Vulvar vestibulitis: Physical or psychosexual problem?

Jacob Bornstein, Doron Zarfati, Zeev Goldik, Haim Abramovici

Research output: Contribution to journalReview articlepeer-review

34 Scopus citations

Abstract

Objective: To examine whether vestibulitis has a physical or a psychosexual etiology. Data Sources: MEDLINE was searched to retrieve publications dating from January 1981 through June 1998 that evaluated the outcomes of surgical treatment and the psychosexual theory of the origin of vestibulitis. Integration: Articles were analyzed for methods of subject selection and surgery, surgical outcome, and length of follow-up. Results: A significant decrease in symptoms (complete responses + partial responses) was reported by 89% of 646 women who had perineoplasty for vulvar vestibulitis. Complete resolution of dyspareunia with surgical treatment was reported in 72% of 512 women whose cases were reviewed in studies in which complete responses and partial responses were evaluated separately. Women with vestibulitis did not differ from the normal population with respect to marital satisfaction, psychologic distress, or psychopathology. A suggestion that childhood sexual abuse caused vestibulitis has not been confirmed. The findings of somatization and shyness might be explained as results rather than causes of vulvar vestibulitis. Conclusion: We do not agree that vestibulitis is a psychosexual problem and one that should not be treated surgically. A high rate of success can be achieved with proper surgical treatment.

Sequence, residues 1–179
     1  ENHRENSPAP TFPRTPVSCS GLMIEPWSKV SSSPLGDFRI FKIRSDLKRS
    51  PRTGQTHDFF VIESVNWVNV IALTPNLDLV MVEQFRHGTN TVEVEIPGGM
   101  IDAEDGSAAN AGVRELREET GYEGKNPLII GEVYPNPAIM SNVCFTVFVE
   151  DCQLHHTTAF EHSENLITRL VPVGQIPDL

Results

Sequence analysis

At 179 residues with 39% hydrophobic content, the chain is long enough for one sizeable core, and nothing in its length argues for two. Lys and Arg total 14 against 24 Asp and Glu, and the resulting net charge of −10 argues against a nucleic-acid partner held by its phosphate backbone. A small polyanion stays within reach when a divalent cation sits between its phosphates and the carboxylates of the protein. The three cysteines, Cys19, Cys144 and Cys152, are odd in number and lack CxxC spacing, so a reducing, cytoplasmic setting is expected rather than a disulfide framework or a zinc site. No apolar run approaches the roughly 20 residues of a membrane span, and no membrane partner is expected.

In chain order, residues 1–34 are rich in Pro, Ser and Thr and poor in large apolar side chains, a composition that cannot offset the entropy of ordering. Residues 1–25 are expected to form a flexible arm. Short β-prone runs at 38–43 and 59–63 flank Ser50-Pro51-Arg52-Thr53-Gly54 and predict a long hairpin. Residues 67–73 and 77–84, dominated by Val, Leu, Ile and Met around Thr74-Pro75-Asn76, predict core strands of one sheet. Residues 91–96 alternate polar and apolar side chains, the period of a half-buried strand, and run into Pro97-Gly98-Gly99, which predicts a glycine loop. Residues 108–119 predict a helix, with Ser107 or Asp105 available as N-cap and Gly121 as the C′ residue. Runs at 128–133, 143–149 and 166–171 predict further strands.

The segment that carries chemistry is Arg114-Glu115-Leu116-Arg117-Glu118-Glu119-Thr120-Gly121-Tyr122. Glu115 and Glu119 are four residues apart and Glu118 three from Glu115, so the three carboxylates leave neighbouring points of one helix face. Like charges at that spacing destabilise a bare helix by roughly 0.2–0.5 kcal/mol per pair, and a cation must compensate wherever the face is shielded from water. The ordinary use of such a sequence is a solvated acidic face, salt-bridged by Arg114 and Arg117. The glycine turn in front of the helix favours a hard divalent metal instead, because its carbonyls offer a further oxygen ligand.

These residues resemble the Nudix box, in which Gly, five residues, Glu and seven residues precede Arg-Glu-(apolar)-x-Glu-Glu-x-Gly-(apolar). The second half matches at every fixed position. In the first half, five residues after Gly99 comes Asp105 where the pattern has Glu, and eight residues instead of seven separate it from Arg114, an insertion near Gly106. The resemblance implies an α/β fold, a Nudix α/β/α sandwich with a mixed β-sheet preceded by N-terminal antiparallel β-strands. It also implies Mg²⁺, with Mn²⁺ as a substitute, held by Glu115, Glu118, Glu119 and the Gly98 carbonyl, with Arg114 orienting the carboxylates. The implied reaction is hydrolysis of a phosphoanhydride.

Original languageEnglish
Pages (from-to)876-880
Number of pages5
JournalObstetrics and Gynecology
Volume93
Issue number5 SUPPL.
DOIs
StatePublished - May 1999
Externally publishedYes

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